Matching Current Speed

In order to maintain a drag-free drift, it is important to match the speed of the current with your fly line. This means adjusting the speed at which you strip in or mend your line to reflect the pace of the water. By effectively matching the current speed, you can create a more natural presentation that closely resembles the movement of insects on the water. This technique requires practice and careful observation of the river’s flow.

Significance of Maintaining Posture

As mentioned earlier, maintaining proper posture plays a vital role in line control. Good posture ensures that your rod and line are positioned correctly, allowing for more accurate and controlled casting. It also helps in maintaining the right tension, preventing slack in the line that can result in missed strikes or a less lifelike presentation. By focusing on maintaining posture, you improve your line control and increase the likelihood of a successful catch.

Benefits of Proper Line Control

Mastering line control offers numerous benefits in fly fishing. Proper line control allows you to present the fly more naturally, imitating the movement of insects on the water’s surface. This increases the chances of enticing a trout to strike. Additionally, line control enables you to manage the drift of your fly, keeping it in the target zone for a longer period of time. This improves the overall quality of the drift and increases the likelihood of a successful hookup.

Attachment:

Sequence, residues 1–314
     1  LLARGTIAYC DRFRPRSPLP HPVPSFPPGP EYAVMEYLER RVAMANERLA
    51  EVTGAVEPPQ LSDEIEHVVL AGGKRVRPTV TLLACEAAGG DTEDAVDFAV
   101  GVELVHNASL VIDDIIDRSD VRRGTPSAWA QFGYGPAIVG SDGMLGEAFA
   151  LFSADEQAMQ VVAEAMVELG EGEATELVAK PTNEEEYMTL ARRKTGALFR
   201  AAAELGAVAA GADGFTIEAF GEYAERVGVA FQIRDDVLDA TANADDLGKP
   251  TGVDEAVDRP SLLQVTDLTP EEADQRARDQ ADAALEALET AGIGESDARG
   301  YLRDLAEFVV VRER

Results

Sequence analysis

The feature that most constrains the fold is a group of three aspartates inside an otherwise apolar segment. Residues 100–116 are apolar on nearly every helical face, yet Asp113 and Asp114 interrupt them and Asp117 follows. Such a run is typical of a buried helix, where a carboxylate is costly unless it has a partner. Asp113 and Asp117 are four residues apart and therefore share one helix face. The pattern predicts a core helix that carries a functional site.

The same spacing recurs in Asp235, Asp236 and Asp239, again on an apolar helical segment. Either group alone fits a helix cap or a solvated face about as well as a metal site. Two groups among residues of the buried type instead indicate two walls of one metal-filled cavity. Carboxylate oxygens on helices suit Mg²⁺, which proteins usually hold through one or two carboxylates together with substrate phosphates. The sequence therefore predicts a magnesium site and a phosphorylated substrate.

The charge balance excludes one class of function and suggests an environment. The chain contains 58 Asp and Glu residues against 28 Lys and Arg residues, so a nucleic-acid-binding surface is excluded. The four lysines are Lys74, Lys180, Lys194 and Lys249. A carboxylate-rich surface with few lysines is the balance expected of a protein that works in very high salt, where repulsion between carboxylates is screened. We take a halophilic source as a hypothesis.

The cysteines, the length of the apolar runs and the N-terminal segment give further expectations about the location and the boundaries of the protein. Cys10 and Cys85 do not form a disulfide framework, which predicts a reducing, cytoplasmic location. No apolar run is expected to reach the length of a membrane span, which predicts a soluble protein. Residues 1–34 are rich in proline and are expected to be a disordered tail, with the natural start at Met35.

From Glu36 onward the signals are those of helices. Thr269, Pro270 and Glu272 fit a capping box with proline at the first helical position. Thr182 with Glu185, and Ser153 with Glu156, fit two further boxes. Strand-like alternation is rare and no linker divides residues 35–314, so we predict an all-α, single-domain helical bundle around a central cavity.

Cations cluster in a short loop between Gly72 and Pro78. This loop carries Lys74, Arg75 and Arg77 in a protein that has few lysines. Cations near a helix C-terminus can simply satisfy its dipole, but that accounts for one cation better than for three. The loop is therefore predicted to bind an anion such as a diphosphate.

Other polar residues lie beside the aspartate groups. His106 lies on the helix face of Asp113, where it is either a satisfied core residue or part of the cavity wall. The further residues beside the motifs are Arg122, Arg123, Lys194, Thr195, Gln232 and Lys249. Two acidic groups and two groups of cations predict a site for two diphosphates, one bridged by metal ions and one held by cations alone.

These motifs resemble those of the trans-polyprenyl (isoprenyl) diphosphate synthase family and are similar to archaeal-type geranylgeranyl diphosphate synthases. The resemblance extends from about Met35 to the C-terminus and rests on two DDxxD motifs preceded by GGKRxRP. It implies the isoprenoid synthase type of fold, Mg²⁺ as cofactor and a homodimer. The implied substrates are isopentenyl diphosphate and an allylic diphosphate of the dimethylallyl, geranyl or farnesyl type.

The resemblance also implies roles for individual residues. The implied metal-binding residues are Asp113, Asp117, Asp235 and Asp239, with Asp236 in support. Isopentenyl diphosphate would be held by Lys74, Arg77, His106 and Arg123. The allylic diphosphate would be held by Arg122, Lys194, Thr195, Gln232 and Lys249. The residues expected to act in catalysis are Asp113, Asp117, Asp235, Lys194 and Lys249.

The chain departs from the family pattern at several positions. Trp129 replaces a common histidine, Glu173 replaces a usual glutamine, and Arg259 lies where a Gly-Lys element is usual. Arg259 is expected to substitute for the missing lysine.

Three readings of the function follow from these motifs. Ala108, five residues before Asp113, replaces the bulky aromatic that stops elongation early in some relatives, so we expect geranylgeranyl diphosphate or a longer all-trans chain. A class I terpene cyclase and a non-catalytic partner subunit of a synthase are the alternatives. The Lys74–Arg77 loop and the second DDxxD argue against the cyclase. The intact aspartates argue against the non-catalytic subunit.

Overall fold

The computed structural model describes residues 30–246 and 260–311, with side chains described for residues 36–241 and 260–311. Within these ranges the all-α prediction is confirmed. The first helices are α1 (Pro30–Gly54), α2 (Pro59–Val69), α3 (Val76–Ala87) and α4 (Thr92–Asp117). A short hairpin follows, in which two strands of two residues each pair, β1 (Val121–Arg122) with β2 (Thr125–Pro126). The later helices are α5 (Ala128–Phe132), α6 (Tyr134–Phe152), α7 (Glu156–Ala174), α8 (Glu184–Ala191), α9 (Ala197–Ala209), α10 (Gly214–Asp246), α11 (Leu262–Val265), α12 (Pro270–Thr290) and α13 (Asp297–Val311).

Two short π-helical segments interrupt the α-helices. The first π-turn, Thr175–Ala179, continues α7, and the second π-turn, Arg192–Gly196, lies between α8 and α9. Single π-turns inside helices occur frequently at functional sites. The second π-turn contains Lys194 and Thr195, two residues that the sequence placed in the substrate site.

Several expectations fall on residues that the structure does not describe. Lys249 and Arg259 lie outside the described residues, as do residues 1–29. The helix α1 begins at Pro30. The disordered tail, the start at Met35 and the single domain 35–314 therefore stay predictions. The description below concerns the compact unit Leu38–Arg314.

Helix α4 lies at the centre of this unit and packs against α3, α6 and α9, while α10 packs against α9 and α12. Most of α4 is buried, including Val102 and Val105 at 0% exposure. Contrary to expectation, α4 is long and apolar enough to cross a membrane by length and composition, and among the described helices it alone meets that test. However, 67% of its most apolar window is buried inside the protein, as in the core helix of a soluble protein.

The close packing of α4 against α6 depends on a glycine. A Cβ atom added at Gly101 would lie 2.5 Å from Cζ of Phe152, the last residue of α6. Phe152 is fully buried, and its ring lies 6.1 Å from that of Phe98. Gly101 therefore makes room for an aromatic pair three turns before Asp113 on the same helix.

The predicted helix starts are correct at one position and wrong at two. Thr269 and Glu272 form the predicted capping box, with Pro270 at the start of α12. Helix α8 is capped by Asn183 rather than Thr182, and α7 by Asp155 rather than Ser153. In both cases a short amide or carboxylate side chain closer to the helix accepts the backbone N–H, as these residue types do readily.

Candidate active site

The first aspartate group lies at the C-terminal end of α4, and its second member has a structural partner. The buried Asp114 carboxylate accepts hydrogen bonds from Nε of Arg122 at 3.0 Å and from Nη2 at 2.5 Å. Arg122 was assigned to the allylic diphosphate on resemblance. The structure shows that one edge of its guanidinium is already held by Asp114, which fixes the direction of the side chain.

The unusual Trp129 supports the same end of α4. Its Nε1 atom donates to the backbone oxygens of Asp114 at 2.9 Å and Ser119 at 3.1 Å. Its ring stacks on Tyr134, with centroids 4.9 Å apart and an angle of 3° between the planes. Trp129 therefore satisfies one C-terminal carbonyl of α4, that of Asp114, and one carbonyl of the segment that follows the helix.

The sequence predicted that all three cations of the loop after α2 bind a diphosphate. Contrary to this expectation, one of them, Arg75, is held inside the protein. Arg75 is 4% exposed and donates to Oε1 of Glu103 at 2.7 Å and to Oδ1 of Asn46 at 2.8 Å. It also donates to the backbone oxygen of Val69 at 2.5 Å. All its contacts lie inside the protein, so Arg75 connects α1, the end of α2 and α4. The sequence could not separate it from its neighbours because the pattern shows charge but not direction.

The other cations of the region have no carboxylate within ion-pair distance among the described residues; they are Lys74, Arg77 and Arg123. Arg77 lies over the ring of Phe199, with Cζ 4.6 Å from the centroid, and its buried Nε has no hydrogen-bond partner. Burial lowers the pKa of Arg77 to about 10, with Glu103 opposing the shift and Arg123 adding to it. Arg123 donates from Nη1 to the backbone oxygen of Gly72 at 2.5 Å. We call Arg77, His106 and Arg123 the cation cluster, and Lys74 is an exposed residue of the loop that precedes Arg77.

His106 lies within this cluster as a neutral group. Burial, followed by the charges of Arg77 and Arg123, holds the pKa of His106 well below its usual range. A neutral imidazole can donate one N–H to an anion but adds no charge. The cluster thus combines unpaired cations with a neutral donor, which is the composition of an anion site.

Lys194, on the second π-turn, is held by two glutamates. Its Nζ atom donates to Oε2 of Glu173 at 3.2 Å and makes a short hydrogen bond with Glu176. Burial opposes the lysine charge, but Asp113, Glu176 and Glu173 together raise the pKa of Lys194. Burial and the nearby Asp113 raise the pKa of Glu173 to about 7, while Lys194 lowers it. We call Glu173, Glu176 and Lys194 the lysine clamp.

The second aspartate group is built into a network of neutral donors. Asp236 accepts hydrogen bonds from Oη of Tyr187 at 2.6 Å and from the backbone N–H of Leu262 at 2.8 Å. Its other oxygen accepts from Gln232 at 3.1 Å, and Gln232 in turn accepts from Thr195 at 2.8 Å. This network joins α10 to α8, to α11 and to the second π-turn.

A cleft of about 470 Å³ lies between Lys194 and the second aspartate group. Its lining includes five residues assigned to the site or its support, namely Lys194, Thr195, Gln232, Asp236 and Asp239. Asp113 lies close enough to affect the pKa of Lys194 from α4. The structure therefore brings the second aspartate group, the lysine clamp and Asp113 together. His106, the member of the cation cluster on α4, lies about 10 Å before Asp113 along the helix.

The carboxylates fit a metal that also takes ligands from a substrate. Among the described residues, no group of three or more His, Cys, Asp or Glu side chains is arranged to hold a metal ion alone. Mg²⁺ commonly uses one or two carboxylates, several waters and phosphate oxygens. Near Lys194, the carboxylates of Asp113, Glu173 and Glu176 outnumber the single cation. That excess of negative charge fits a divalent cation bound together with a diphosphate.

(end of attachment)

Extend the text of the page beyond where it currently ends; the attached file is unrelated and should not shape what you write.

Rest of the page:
Casting Approaches

Understanding Reach Casts

Reach casts are a casting technique used to improve presentation when dealing with challenging current seams. By using a reach cast, you can position the fly and leader partially across the current, allowing for a drag-free drift. This technique mimics the natural movement of insects as they are carried downstream. Understanding how and when to execute a reach cast can greatly improve your chances of success, especially when dealing with tricky fishing conditions.